Kelly and general manager Jim Gregory will have to ship several players to Dallas and Kurt Walker, Greg Hubick, Blair MacKasey and Scott Garland are obvious candidates.
Saturday’s 3-3 tie with the Canadiens and their 6-4 loss to the same team Friday indicate the Leafs are about three calibre players away from entering the NHL’s elite.
The goaltending of Wayne Thomas on Friday was, in the least, questionable, but backup Gord McRae turned in an excellent effort Saturday by stopping 29 shots. Ken Dryden, in the Montréal nets, made 32 saves, including breakaway stops on Lanny McDonald and Pelyk.
Larry Robinson opened the scoring for the Canadiens on a play that appeared offside. The big defenceman split the Leaf defence and fired a low shot by McRae at 8:49 of the second period, with Ian Turnbull in the penalty box for delaying the game.
Stan Weir tied the score for Toronto early in the third period on a backhander after Dryden gave up a rebound on George Ferguson’s shot. Guy Lafleur got that one back less than a minute later on a backhander with McRae caught out of the net.
At 3:26 of the period, right winger Pat Boutette made a fine move to get in front of Dryden at the edge of the goal crease and tipped Salming’s centring pass into a gaping net. Polich then sent the Canadiens ahead 3-2.
Bob Neely tied the score with six seconds left in the game. Neely forced his way deep into the slot and converted Darryl Sittler’s passout as the Canadiens defence was fast asleep.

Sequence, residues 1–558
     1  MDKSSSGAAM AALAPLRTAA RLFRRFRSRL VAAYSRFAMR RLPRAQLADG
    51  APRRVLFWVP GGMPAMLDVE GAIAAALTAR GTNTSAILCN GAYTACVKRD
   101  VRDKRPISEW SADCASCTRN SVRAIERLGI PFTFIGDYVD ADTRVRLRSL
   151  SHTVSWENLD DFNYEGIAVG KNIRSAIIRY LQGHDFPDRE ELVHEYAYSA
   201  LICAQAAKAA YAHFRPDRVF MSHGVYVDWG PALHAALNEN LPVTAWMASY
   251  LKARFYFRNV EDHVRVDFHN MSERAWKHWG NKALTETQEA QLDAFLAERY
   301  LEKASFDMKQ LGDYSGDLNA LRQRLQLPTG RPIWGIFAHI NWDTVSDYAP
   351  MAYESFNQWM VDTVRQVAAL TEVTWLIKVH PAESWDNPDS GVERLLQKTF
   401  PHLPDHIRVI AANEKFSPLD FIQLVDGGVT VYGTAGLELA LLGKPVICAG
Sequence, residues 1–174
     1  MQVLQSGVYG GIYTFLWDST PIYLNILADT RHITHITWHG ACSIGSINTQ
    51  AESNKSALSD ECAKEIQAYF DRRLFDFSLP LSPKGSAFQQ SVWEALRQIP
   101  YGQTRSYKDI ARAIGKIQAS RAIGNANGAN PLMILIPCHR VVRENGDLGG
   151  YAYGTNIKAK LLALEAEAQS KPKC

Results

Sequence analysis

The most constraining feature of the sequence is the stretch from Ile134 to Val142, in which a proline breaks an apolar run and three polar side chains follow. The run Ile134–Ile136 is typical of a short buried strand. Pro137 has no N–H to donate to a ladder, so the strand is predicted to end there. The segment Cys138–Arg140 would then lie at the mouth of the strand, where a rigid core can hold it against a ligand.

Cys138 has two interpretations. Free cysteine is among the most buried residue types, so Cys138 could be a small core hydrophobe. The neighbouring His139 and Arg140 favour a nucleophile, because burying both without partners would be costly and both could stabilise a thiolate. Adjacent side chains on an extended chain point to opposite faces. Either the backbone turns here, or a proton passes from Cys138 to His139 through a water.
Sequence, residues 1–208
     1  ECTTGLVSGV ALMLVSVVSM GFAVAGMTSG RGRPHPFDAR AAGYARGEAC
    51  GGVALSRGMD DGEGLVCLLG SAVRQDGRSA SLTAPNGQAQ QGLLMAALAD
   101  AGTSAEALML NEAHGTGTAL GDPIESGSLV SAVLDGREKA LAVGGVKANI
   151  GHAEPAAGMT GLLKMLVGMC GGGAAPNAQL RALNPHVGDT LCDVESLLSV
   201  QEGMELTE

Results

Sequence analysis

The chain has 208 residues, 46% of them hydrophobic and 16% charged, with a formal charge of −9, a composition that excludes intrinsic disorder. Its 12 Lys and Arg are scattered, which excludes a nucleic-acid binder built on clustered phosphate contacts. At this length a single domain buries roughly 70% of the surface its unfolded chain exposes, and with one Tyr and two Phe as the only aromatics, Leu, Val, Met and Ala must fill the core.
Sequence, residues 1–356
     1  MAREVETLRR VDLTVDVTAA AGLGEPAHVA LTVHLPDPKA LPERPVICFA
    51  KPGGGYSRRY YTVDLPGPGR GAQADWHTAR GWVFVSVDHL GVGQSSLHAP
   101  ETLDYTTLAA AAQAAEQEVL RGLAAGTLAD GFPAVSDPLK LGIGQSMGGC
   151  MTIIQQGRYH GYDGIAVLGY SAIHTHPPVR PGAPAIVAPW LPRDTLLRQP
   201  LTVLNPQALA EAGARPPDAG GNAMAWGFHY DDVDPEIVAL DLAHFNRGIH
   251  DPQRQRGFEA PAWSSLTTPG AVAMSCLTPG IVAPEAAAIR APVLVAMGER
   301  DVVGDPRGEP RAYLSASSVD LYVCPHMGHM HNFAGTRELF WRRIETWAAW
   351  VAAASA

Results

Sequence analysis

NOTES: The Leafs signed Alain Bélanger and Gary McFayden, a pair of third round draft choices, to professional contracts and promptly shipped them to Dallas. Also banished were Bob Warner, Paul Evans and Bruce Boudreau. Boudreau will miss three weeks with a separated collarbone.
Story originally published in The Globe & Mail, October 4, 1976
TOR PEN – 05:43 – McDonald, interference
MTL PEN – 11:43 – Savard, interference
MTL PEN – 16:51 – Lambert, hooking
TOR PEN – 18:35 – Salming, interference
TOR PEN – 07:03 – Turnbull, delay of game
MTL PP GOAL – 08:49 – Robinson
MTL PEN – 14:04 – Gainey, interference
TOR GOAL – 01:53 – Weir (Ferguson, McKenny)
MTL GOAL – 02:48 – Lafleur (Shutt, Mahovlich)
TOR GOAL – 03:26 – Boutette (Salming, Valiquette)
MTL GOAL – 16:30 – Polich (Robinson)
TOR GOAL – 19:54 – Neely (Sittler)
TOR – McRae (T, 29-32)
MTL – Dryden (T, 32-35)
SHOTS ON GOAL
TOR – 19+9+14 = 35
MTL – 9+13+10 = 32
TOR – Goaltenders: Gord McRae, Wayne Thomas. Defence: Claire Alexander, Randy Carlyle, Blair MacKasey, Mike Pelyk, Borje Salming, Ian Turnbull. Forwards: Don Ashby, Pat Boutette, George Ferguson, Greg Hubick, Lanny McDonald, Jim McKenny, Bob Neely, Darryl Sittler, Jack Valiquette, Stan Weir, Dave Williams.
MTL – Goaltenders: Ken Dryden, Dave Elenbass. Defence: Brian Engblom, Guy Lapointe, Chuck Lucksa, Gilles Lupien, Bill Nyrop, Larry Robinson, Serge Savard. Forwards: Bob Gainey, Réjean Houle, Doug Jarvis, Guy Lafleur, Yvon Lambert, Peter Mahovlich, Pierre Mondou, Mike Polich, Doug Risebrough, Steve Shutt, Mario Tremblay, John Van Boxmeer.